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Posts Tagged ‘interactive’

Best World Cup Coverage Around the Web

nytwc14.jpgIf you don’t have soccer fever yet, I feel sorry for you. It’s the one sport I can actually tolerate, and thanks to an extended overseas stint, know how to watch. With the World Cup playing on every television screen I walk by, it’s hard to not feel like there’s a extended holiday (and if the U.S. advances, it will only get more interesting).

Because I am a soccer geek, I’ve been consuming every bit of content I can find. Explainers that I don’t really need, background on Brazil, and listicles of the most attractive goalies from Ghana to Chile. Here are some of my favorite outlets for the game.

1) The New York Times. The New York Times has made downtime between the noon and three’o'clock games much more informative. Not only is their World Cup homepage clean and easy to follow — you don’t have to fight to find rankings and schedules —  they have great interactives like these diagrams of the clubs that national players come from. There’s also a great collection of essays about how different countries play the game that’s enough to make even the most skeptical soccer fan swoon a little for the game.

2) Vox. True to their mission, Vox does a lot of explaining and curating the World Cup. There’s the primer for those who want to care, but don’t really. And this collection of GIFs that not only shows some of the most popular (or infamous) players, but also has enough stats to fake a conversation with someone about Messi’s performance in past Cups.

3) Slate. By far, I have found myself tweeting and clicking on Slate’s coverage the most. Covering all things cultural surrounding the games, they take taje World Cup to another level with  this explainer about how Mexicans cheer, the ultimate defense of objectifying  soccer players, and my favorite: the Jerk Watch.

How are your favorite news outlets covering the games? Share your favorite World Cup content with me in the comments or @10,000Words.

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3 Ways of Remembering Nelson Mandela Around the Web

Nelson-MandelaWhen a man as inspiring and good as Nelson Mandela passes, it’s hard to do him justice in memorial. Some have tried – with timelines, photo galleries, and interactive spaces where readers can share their memories of him. Here are a few ways the news world is remembering Mandela:

1) The New York Times has a timeline and a photogallery, but my favorite part is the collection of his speeches, arranged by category.

2) The Washington Post and The Guardian, among other papers, opted for a timeline with photos, maps, and depscriptions of life events.

3) The ever visual La Repubblica went with a sleek, easy to navigate photogallery, and, knowing it wouldn’t be enough, added links to other galleries around the web.

Have you seen other tributes you like around the web? Share them in the comments or tweet us with them.

Are ‘Lean-Back’ Apps the Way to Go?

Roy Greenslade at The Guardian recently conducted an interview with Andrew Rashbass, the “chief suit” of The Economist. As the chief executive, Rashbass’ commercial story “turns out to be more of a digital story,” even with their impressive print circulation numbers.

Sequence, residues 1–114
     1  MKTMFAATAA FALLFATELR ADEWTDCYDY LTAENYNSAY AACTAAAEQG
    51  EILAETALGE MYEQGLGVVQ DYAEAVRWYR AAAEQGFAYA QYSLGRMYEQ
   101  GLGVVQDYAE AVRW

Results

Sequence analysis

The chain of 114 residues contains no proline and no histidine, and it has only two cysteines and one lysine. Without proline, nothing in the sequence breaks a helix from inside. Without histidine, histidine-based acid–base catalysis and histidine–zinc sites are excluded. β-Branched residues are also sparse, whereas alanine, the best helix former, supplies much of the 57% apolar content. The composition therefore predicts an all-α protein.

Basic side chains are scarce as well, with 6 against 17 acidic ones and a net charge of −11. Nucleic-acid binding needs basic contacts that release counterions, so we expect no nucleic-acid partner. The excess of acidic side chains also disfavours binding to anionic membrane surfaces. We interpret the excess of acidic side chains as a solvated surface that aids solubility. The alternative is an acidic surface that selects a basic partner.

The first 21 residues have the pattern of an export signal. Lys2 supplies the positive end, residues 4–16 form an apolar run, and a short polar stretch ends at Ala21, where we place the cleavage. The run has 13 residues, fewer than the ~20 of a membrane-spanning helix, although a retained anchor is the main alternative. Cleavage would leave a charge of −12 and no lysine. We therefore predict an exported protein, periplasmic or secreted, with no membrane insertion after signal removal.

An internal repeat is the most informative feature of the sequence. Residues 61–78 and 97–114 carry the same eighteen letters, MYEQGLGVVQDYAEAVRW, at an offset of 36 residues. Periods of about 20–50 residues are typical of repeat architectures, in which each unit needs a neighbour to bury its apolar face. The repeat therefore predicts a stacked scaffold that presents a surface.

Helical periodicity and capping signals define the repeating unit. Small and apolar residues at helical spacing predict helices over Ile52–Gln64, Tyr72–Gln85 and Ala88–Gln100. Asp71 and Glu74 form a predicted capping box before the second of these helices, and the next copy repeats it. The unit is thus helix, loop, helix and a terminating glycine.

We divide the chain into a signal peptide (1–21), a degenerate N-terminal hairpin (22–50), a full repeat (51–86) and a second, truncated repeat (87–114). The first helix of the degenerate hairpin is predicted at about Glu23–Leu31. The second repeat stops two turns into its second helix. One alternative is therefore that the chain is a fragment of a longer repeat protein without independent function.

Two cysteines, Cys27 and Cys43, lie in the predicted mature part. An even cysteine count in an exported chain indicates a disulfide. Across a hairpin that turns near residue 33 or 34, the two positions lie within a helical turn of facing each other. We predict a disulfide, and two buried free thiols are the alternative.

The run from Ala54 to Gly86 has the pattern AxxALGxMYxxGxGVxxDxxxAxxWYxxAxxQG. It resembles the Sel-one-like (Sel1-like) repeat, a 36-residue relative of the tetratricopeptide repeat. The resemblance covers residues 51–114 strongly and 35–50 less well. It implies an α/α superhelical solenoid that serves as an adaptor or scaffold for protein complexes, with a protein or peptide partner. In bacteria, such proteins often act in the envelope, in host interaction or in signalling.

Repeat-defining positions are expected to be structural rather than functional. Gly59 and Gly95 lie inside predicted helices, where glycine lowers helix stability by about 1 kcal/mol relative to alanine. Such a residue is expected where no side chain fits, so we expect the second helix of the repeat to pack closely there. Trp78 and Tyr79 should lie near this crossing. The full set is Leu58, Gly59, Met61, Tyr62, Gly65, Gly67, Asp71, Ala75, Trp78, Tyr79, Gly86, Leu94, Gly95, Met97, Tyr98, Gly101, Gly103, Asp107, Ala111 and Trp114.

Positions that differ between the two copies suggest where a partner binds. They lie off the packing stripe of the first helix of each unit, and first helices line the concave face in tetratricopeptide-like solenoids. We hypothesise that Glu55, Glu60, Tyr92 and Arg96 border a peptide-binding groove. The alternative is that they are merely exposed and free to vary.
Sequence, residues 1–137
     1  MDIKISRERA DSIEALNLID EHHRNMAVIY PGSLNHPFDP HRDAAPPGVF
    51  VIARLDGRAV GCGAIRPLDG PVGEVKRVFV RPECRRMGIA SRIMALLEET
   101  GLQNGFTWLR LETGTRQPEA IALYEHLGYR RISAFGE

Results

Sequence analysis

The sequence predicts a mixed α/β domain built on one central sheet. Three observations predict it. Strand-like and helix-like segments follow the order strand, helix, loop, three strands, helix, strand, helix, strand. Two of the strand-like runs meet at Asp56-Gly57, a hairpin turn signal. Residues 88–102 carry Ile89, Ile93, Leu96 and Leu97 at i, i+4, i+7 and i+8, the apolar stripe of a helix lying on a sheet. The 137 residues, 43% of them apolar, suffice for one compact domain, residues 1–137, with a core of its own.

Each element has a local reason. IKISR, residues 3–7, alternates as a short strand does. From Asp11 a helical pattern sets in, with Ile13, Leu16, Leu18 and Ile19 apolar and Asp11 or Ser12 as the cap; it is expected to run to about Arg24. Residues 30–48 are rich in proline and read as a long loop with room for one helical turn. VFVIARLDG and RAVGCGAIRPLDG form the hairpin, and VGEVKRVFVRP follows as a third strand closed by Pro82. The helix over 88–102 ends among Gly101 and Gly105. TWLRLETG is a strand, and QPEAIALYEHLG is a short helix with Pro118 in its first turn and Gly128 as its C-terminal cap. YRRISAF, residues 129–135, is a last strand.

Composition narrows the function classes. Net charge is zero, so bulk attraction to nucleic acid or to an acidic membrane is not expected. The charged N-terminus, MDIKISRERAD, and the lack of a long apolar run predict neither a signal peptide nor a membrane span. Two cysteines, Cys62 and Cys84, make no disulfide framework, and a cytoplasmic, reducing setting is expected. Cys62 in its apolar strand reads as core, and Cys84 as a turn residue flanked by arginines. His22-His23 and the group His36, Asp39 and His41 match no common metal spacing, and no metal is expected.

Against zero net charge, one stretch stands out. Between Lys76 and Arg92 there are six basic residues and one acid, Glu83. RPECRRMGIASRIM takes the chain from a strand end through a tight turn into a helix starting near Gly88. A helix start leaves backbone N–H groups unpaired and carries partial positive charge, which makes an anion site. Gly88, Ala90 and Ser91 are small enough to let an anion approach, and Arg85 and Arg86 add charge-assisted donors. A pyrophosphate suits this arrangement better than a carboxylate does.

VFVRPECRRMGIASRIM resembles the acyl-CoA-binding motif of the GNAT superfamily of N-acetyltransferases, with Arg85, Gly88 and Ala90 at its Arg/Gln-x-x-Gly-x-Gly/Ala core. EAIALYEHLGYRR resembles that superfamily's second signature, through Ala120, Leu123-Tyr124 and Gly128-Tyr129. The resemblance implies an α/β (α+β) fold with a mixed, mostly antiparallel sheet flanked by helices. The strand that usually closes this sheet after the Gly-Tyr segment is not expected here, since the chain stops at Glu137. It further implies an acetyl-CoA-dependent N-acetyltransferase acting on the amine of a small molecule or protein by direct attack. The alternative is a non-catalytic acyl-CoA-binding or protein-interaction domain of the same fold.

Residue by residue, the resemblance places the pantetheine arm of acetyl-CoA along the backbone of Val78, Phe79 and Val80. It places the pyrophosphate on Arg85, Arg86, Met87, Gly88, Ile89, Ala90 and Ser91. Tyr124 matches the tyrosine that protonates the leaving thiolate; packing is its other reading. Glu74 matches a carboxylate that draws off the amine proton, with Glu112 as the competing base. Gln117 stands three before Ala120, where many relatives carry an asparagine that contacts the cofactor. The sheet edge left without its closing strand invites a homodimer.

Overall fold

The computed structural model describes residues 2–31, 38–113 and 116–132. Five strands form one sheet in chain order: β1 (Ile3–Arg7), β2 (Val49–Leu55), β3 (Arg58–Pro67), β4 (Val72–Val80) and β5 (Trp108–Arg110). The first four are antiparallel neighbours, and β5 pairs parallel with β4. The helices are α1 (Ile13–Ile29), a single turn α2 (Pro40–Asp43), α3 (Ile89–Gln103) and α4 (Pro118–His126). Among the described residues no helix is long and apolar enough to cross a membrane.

Rashbass draws a distinction between the “lean-back, immersive, ritual pleasure” that comes from reading The Economist in print, to the “lean-forward, interactive” way that people use the website. He was previously in charge of The Economist’s website, and its own research found that readers were eager to build a community and have discussions on the web. Read more

Three More News Projects Covering Bin Laden’s Death

Earlier this week, 10,000 Words’ Jessica Roy brought you the top five explainers for Osama Bin Laden’s death. Today, there a few new projects to add to this historical week in news coverage as the 10-year hunt for the world’s most wanted terrorist comes to a close.

The New York Times’ reaction grid

A brilliantly executed crowd-sourcing project from The New York Times is a reaction grid that lets users click within a quadrant to express how they feel about the significance of Bin Laden’s death. The horizontal axis displays emotional responses (negative and positive) and the vertical axis displays significance (insignificant or significant). Most of the responses, denoted by little black and blue squares, fall into the positive and significant quadrant.

Hovering over the squares also shows you reader comments for people who clicked on that area of the grid. Read more

The best infographics for understanding the crisis in Japan

The tragic earthquake and tsunami that hit Japan last week caused major damage to the nation’s infrastructure and has incited a potential nuclear catastrophe at the Fukushima Daiichi Nuclear Plant. For those of us who are unfamiliar with the science behind nuclear technology or natural disasters, several news organizations have created infographics that can help provide a better understanding of the complicated events in Japan. Here are the best interactive and informative graphics we’ve come across so far.

1. The New York Times
The New York Times has coupled a number of their stories with interactive graphics that integrate illustration with Google Earth satellite images. The site has published several helpful images, including an earthquake damage map and an explainer graphic on the accident at the nuclear plant.




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